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THE LIFE THAT LIES AHEAD — As we grow older, we know and try to apply the basic principles for healthy aging: eating healthy, exercising, sleeping well, staying intellectually active and maintaining an active social life. Work-related activities generally decrease, more time is available to us, timeframes extend and schedules are no longer filled. Slowness becomes part of life and is, of course, something to savour. You finally have an abundance of free, flexible time.

It isn’t unusual for this time to be filled in part by grandchildren. We often hear grandparents say, “I finally have time to spend with my grandchildren, time I didn’t have when my children were little. I’m making up for lost time with them.” This parental support presents a wonderful opportunity to develop a personal connection based on the practical and, especially, the emotional aspects associated with raising children.

This is nothing new: since the beginning of time, grandparents have played a vital role in raising children. In many matriarchal societies, the grandmaternal bond was the basis of “taking care” of children from birth to adolescence. In the West, industrialization, migration into cities or, in short, access to work is behind grandparents’ involvement in caring for young children. But what’s happened to this phenomenon in recent years, now that society provides accessible childcare structures? Since the 2000s, we’ve been becoming grandparents much later in life. Women have children later and, consequently, we become grandparents when we’re older. However, grandparents are living longer—and the good news is that they’re healthier.

The presence of grandparents in the lives of their grandchildren contributes to their health, well-being, development and education. But back to the question: What benefits do grandparents get by being in contact with and, especially, having relationships with their grandchildren?

Marie-France Léger, journalist at La Presse, reports that, according to a study from the Women’s Health Ageing Project in Australia, grandmothers who care for their grandchildren once a week have a lower risk of developing Alzheimer’s disease and cognitive disorders. Another study published in Evolution and Human Behavior shows that life expectancy increases among seniors who regularly take care of their grandchildren. Studies confirm that the health of grandparents benefits from spending time with their grandchildren and that they develop and maintain a relationship with them. However, the pace, workload and frequency should be well thought out. Grandparents should maintain a balance between caring for others and caring for themselves.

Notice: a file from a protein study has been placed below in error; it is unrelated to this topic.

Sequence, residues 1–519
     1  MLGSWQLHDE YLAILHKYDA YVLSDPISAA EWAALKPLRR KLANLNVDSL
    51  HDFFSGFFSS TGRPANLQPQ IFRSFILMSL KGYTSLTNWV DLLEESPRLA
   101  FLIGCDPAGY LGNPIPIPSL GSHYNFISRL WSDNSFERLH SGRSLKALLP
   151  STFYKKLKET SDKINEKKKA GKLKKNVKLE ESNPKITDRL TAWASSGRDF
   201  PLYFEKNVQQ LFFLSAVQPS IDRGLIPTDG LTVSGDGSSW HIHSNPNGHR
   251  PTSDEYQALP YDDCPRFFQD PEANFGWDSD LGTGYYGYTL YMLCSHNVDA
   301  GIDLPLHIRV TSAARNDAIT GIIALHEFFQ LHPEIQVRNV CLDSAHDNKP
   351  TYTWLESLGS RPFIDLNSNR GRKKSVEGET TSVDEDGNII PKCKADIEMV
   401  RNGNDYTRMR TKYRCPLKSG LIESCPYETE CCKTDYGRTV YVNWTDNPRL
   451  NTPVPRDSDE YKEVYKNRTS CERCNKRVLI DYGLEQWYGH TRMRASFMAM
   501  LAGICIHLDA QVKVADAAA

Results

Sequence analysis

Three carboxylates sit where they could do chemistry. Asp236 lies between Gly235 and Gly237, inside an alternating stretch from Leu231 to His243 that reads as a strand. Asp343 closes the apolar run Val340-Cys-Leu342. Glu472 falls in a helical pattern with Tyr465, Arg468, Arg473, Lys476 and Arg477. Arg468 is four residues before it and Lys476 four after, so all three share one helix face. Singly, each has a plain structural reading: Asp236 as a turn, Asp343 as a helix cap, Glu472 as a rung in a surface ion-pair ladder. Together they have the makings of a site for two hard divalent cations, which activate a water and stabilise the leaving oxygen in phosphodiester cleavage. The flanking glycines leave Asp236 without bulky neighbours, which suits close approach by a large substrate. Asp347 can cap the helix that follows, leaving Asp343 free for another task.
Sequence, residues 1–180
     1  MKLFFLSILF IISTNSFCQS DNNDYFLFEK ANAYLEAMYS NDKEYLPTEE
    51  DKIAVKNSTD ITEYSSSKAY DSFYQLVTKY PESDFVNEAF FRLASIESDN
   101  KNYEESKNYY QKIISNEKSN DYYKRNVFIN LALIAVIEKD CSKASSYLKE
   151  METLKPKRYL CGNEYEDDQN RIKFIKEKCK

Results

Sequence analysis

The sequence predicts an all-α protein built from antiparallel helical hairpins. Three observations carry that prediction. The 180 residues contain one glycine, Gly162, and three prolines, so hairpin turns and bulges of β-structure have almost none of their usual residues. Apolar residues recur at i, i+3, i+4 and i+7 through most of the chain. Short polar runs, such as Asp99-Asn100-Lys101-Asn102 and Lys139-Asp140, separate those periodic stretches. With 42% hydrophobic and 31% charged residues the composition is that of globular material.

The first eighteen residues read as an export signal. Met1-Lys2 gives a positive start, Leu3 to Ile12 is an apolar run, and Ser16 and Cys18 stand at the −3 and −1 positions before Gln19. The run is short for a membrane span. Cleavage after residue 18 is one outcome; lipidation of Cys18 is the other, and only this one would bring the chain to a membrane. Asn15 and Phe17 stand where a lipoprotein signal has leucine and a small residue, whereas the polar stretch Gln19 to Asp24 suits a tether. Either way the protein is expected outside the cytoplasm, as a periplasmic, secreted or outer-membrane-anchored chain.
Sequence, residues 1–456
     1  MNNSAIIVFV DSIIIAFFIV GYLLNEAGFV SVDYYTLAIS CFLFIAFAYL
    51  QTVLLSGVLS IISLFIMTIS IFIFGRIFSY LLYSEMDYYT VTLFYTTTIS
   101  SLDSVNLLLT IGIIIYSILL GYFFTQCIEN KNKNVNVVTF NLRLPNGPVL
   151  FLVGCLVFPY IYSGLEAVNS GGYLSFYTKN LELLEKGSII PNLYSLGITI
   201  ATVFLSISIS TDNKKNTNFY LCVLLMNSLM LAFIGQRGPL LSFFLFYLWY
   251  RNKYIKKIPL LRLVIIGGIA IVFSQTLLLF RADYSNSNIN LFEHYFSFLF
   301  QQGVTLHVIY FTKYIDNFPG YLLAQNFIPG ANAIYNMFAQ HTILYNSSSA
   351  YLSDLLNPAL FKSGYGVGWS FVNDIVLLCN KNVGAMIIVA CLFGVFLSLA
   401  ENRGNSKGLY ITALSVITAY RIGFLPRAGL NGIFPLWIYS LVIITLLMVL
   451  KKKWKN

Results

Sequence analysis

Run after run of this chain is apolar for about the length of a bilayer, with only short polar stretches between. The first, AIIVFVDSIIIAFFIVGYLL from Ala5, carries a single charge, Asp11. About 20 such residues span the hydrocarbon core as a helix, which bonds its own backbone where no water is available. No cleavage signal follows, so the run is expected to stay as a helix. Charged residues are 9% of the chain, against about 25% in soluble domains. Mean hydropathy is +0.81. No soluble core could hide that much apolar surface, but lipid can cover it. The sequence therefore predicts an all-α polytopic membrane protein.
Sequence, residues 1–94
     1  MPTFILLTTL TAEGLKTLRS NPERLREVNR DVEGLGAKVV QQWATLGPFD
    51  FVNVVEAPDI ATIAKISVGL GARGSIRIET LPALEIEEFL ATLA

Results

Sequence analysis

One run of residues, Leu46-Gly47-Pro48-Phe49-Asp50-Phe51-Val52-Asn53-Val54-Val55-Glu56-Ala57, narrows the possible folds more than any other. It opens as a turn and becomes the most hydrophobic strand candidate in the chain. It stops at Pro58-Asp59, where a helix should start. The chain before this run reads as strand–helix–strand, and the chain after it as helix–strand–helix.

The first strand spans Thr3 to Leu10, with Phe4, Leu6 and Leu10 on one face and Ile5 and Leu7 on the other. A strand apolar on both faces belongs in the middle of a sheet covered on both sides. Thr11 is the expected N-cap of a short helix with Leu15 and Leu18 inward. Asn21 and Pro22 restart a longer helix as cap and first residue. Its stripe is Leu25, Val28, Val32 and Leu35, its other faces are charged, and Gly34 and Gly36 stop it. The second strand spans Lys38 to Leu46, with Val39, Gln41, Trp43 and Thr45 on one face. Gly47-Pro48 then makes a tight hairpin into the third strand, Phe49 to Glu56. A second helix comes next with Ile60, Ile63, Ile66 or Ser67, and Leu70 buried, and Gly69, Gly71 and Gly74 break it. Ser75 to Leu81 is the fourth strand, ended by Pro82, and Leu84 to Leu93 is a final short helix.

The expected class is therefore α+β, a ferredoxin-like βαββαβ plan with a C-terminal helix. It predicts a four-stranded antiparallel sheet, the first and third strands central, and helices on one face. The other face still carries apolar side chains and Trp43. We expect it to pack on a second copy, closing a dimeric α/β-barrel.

At retirement age, when professional duties and family responsibilities decrease, there’s more room for sports and cultural activities. Obviously, these leisure pursuits are deeply satisfying and contribute to our personal fulfillment. Spending time with our grandchildren, however, also allows us to continue to feel useful and involved in a project. Passing on the values, skills, stories and rituals that have shaped our lives gives rise to an indescribable feeling. We have to admit that it takes longer to bake a cake or pick up kindling with young children, but time is the most precious thing we can give them. The stories children tell of these times together exude an aura of eternity that we can see in their eyes. We know being useful, loved and welcomed for who we really are by loved ones proves to be the best therapy for selfesteem and for feeling that our life, even though it’s less productive, still has a meaning and purpose.


Taking care of grandchildren makes us more physically and intellectually active. The activities we do with them keep us alert. We exercise more, pick up the pace and stay open to the world. We generally make better decisions for our health. We try to sleep better, eat better and stay in shape so that we can keep up! And what about their impact on our imagination and creativity? Becoming the prisoner who will be saved or spreading out a tablecloth on the grass for a banquet are also memorable, magical moments for us.

Moreover, cognitively, grandchildren are such a great help when it comes to technology. Their contribution allows us to stay open to and be more active in the world of communications. Grandchildren feel valued in turn. The role reversal leads to fruitful conversations about today’s world. There’s nothing like a teenager to reshape our brains. Thanks to them, we exercise more, learn, feel loved and sometimes need to catch our breath—they make us feel so alive. What if, instead of saying, “It went by so fast,” when speaking about our lives, we said, “It will live on in them”?

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